It is supposed to be a truth of democracy that we are a nation of laws, not of men.*** Any law that makes us all felons is a law ripe for abuse and has no place in a democracy.
But when poorly written and implemented laws come up, as in the case with the Computer Fraud and Abuse Act or the Digital Millennium Copyright Act, people often rationalize that this is not a big deal, because it is unlikely that they themselves would be arrested for breaking these statutes.
Unfortunately these people are missing the fact that websites and companies have already been shut down, blogs and articles have been censored, and legitimate computer science research has been held up in litigation rather than being quickly published and computer vulnerabilities secured. These critics are missing the stories of technology that has never been created through legal uncertainty having a chilling effect upon innovation.
But it isn't just innovators, and creators of economic growth that are affected. It is all of us, as millions of Americans are now felons subject to the discretion of your local prosecutor. In one recent case, a woman was almost convicted of a felony for violating the MySpace terms of service, as I'll describe below.
A law that is seldom enforced but could be enforced against millions is the most nefarious and dangerous instruments of government power. It's a law that violates a fundamental tenant of our social contract.
Laws that potentially make us all felons and that can be enforced when it is politically expedient or when our behavior is odious to society and a prosecutor is looking for a public relations win - these are among the most dangerous laws that a free society can implement.
Such laws enable mob rule and are offensive to the legal institutions our Founding Fathers envisioned to protect individual rights against the whims of a majority. They make a mockery fundamental legal principles like mens rea.
Those concerns regarding an overzealous federal government being able to arrest anyone at will are precisely the concerns that motivated many of our Founders to demand the Bill of Rights as part of their support for the Constitution. Broad laws and regulations that make everyone felons blur these lines and degrade the institutions of justice that were codified in the US Constitution by our Founding Fathers.
In a nation of laws, before citizens are stripped of our property and liberty through fines or imprisonment, we must first be charged for violating a specific law, not just doing something "mean" or morally reprehensible.
But unfortunately, Americans are being prosecuted for acts that are morally reprehensible but are not truly crimes, as happened recently in the case US v. Drew. Lori Drew's daughter was being ridiculed at school by another girl. Drew made a fake Myspace page to taunt the girl who was spreading rumors about her daughter. As a result of Drew's messages, the other girl committed suicide. This is truly despicable behavior by the mother, and people were rightfully incensed and demanded action...but was there a crime that had occurred?
Bullying is not a crime, but the people demanded tough action. The US Attorney responded to public fervor by charging Drew with violating the Computer Fraud and Abuse Act (CFAA) - our computer hacking statute. What was the charge? That she had violated the "terms of service" of Myspace.com (that box you likely clicked through without reading), and therefore her access to the site was "unauthorized" under CFAA - the computer hacking statute.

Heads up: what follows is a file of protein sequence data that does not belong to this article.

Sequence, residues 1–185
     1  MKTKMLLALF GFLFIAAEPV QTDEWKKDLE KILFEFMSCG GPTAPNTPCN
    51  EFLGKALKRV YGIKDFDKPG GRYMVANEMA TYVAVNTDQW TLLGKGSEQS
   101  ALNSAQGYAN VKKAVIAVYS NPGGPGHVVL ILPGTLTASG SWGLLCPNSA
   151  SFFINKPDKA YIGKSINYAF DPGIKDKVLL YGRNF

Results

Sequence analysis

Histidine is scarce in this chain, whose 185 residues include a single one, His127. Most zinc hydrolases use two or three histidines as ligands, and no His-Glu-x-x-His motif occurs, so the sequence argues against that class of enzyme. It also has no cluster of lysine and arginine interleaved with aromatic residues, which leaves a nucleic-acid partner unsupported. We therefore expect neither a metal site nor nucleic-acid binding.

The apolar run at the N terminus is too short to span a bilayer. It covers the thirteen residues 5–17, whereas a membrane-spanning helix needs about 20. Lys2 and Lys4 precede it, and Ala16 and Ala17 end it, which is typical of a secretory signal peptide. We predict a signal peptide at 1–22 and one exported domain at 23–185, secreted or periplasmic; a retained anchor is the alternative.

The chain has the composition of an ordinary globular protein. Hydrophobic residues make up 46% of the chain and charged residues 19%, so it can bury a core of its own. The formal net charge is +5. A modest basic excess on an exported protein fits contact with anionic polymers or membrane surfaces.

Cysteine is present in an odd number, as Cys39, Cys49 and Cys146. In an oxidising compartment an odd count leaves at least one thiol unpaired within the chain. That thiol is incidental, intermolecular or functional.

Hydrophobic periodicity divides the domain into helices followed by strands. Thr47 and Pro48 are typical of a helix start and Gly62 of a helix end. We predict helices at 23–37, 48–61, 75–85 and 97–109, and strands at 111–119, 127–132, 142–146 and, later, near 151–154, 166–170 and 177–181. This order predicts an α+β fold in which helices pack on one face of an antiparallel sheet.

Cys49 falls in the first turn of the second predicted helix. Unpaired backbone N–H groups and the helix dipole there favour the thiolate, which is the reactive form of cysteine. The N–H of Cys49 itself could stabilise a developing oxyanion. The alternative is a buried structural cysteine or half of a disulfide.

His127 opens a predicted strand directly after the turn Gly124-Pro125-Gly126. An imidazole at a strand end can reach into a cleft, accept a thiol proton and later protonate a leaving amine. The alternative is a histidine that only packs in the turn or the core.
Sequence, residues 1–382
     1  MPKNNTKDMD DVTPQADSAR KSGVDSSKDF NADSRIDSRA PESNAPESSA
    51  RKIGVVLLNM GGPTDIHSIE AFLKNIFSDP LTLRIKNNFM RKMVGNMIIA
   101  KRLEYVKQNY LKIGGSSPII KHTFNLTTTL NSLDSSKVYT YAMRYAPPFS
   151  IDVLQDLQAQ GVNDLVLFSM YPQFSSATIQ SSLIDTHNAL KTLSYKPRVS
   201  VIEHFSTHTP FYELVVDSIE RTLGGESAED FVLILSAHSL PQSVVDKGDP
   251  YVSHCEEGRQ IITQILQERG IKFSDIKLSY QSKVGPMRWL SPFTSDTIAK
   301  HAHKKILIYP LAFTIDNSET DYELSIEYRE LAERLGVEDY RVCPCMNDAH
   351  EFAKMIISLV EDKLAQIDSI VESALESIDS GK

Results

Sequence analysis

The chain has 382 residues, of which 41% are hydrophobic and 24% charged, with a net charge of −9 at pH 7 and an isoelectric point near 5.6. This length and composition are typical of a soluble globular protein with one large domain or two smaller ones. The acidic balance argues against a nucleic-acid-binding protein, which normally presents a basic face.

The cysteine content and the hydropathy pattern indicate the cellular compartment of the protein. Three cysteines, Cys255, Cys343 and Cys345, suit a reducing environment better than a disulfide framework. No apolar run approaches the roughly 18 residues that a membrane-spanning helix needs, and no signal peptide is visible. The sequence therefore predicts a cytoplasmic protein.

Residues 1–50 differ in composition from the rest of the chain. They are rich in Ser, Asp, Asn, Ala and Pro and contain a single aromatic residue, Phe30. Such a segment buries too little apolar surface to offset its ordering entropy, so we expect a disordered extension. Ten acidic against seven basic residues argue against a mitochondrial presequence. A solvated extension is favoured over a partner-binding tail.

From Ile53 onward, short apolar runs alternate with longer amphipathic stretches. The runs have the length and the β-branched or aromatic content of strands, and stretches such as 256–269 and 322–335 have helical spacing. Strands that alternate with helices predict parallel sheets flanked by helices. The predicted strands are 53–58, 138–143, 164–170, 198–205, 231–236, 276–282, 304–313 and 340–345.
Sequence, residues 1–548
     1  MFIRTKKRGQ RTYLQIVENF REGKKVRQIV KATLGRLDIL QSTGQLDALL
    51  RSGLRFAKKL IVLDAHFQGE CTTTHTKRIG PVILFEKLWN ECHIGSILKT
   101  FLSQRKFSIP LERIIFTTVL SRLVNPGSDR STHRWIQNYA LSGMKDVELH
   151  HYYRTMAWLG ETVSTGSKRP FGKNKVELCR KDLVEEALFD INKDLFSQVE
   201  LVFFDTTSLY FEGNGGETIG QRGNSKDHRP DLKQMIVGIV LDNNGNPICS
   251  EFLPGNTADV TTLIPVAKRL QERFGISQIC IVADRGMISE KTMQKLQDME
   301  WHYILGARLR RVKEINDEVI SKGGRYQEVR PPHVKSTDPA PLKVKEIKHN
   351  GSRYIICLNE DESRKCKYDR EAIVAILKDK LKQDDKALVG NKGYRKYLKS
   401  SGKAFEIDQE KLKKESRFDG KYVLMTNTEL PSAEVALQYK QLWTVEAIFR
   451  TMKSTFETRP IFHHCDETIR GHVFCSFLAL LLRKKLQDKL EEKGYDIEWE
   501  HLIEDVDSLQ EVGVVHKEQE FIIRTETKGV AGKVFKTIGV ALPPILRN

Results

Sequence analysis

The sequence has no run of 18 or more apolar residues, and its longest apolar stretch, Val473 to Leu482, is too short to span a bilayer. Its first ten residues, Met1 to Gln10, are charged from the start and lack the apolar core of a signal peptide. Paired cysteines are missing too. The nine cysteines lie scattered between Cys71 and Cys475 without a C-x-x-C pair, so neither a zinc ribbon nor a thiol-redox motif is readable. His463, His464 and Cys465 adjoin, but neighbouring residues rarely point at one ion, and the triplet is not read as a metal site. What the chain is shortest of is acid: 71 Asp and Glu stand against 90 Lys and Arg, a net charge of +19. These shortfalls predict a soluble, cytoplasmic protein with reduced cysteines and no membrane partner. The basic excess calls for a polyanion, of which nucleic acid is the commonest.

Had Drew engaged in hacking, the purpose of the CFAA? No. That wasn't the point. The people wanted action, and Drew got indicted by a grand jury convicted by a jury.
Each of us violates these fine print terms nearly every day:
- Until recently Google's ToS forbade minors from using its services.
- Facebook made it a violation to let anyone else log into your account
- Dating websites like eHarmoney have ToS forbidding misleading or false information
- Ebay and Craigslist's ToS make it a violation to post items in an inappropriate category.
Further, these ToS can change without notice. "Accordingly, behavior that wasn't criminal yesterday can become criminal today without an act of Congress, and without any notice whatsoever." (US. v. Nosal)
Luckily, in the case of Drew, the US District Judge took the unusual step of overturning the jury's verdict, thus saving Drew from jail time.
But other courts have upheld the principle that violating terms of service on a website is a violation of the CFAA - meaning that if Drew had been charged elsewhere in the US she would likely have been put in jail. From a recent case, United States v. Nosal, Chief Judge Alex Kozinski of the Ninth Circuit wrote on the topic of holding individuals criminally liable for "hacking" for violating these terms of service:
Basing criminal liability on violations of private computer use polices can transform whole categories of otherwise innocuous behavior into federal crimes simply because a computer is involved. Employees who call family members from their work phones will become criminals if they send an email instead. Employees can sneak in the sports section of the New York Times to read at work, but they'd better not visit ESPN.com. And sudoku enthusiasts should stick to the printed puzzles, because visiting www.dailysudoku.com from their work computers might give them more than enough time to hone their sudoku skills behind bars.
As with the CFAA, courts have generally upheld the provisions of the DMCA that make many ordinary Americans felons - such as the so-called crime of unlocking and jailbreaking your own phone.
Should your freedom be subject to the whims of your local judge and prosecutor?
*** In 1780, John Adams enshrined this principle in the Massachusetts Constitution by seeking to establish "a government of laws and not of men." Massachusetts Constitution, Part The First, art. XXX (1780).